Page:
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Chime 360 Review

15/03/2010 Thinking Considered Gamer Review
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Chime 360




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Family Gamer (360)

Chime 360 is a breif bright experience and similar to Lumines. I found it a wonderfully calming experience - a perfect respite from the busy modern life. But not only this because Chime benefits children's charities across the world courtesy of OneBigGame.

Initially I found Chime a little confusing to play which became slightly embarrassing when I realised just how simple the game's concept actually was. There's a grid on screen in which various shapes must be placed to create larger quads in order to eventually fill the board. At the same time a beat bar goes across the screen which co-ordinates the musical beat with the placement of the various quads making each track sound different on every play. Once over 50% of the board is filled, the next level is unlocked to play. Chime offers a timed mode and a free play mode which I found the most relaxing of the two.

It's an incredibly simple concept but at first it felt slightly intimidating with only basic instructions provided. The beat of the music inspired me to rush faster and faster through each level when often it wasn't really necessary for success. More precise movements were the key. Once I realised this it made for a much more relaxing and fulfilling experience. Frequently I found Chime quite calming and the perfect antidote to more thought provoking and reactionary games. It was the sort of game that I found myself playing after a long day of work and in dire need of something to relax my mind.

I could enjoy the experience without feeling pushed to compete within a set time frame.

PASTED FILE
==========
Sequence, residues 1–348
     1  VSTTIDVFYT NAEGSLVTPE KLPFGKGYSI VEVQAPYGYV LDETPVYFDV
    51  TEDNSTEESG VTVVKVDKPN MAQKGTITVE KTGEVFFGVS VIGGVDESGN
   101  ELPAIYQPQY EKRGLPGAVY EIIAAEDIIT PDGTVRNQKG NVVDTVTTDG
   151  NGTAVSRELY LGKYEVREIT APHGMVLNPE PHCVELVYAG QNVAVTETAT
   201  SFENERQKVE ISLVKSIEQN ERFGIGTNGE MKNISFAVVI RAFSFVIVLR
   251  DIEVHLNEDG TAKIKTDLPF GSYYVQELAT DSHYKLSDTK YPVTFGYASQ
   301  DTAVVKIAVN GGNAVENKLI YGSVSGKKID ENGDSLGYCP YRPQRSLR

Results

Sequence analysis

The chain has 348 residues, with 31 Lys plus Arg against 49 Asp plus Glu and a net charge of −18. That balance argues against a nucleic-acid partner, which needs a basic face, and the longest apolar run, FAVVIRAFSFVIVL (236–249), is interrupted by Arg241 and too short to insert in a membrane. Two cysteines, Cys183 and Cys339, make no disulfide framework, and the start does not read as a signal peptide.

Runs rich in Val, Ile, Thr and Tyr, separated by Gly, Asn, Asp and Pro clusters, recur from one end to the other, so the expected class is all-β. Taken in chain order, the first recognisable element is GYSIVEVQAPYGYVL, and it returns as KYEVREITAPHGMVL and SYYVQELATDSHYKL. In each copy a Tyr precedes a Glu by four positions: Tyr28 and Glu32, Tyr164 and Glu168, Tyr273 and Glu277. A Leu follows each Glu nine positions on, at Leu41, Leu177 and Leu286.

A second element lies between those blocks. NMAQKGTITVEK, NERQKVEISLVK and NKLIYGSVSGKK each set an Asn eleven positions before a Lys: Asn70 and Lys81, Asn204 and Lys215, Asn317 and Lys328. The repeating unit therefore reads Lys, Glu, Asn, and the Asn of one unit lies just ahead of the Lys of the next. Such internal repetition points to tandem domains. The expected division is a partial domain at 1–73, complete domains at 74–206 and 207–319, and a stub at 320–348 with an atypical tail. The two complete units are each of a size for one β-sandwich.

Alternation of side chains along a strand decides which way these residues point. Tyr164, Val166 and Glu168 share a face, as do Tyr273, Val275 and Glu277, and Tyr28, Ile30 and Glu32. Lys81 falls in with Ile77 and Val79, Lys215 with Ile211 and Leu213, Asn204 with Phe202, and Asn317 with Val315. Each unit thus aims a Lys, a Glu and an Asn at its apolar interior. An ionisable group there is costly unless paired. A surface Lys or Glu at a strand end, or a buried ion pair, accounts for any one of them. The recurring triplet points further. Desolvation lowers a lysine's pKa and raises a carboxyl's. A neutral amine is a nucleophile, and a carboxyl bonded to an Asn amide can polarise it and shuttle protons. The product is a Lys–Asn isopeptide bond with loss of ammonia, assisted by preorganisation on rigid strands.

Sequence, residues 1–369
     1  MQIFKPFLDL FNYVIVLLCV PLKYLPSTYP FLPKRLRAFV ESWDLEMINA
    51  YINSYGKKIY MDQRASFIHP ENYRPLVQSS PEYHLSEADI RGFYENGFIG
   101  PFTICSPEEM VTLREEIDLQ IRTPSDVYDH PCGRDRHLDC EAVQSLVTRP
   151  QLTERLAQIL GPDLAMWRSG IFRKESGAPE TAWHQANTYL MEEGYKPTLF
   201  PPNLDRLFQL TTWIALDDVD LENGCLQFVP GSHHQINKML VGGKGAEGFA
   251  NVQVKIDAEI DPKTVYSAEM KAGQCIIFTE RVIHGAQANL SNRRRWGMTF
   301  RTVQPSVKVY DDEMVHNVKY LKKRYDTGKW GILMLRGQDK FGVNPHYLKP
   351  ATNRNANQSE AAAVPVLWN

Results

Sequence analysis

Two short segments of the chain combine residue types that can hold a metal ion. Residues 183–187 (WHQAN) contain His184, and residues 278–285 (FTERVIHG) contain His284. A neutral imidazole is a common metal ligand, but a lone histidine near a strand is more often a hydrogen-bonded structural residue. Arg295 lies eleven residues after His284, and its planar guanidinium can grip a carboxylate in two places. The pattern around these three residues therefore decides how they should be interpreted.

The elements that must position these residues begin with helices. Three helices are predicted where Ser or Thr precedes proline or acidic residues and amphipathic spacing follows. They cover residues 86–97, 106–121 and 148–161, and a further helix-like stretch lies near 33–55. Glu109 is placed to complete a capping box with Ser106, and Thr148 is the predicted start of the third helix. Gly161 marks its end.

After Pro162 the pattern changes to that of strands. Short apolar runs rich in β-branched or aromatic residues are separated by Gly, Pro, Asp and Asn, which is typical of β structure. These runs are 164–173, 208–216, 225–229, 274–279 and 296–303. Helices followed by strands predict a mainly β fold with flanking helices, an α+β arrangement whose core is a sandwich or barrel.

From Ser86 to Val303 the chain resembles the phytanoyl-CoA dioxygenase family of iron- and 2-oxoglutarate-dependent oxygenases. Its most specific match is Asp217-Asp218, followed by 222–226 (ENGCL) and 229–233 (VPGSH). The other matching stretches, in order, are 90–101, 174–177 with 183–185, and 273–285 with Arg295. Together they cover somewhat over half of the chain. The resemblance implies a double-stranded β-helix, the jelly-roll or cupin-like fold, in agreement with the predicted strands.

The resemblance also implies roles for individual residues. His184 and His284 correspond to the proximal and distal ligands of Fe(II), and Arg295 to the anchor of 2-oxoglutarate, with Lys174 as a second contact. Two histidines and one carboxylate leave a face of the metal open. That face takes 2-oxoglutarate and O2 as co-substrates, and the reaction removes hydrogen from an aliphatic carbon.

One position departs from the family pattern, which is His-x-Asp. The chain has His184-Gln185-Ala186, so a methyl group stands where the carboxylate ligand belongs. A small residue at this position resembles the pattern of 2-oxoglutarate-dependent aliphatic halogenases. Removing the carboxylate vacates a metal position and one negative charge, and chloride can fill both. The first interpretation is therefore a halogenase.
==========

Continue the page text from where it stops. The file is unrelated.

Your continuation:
The music used helped in achieving this aim with the soothing tones of Philip Glass, Moby, Markus Schulz, Orbital and Lemon Jelly. Despite their calming beats each track still maintained a level of enthusiasm that made me persevere with each level. As a non-competitive person I enjoyed the fact that I could just ignore the online leader boards and simply focus on enjoying the experience. The minimalist feel of Chime was refreshing to see although it was a shame to run out of levels quite quickly.

I really enjoyed my time with Chime. Unlike other games, it allowed me to turn my brain off in a similar manner to Flower. I could enjoy the experience without feeling pushed to compete within a set time frame. Throw in the ethical warmth of knowing that I've helped a charity, and this simple pleasure is a wonderful delight.

Written by Jen Rawles

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Jen Rawles writes the Considered Gamer column.

"For as long as I can remember I've been fascinated by games that can provoke an emotional reaction. I enjoy a game that can tell me a strong, emotive story even if sometimes the game mechanics behind it are weak."

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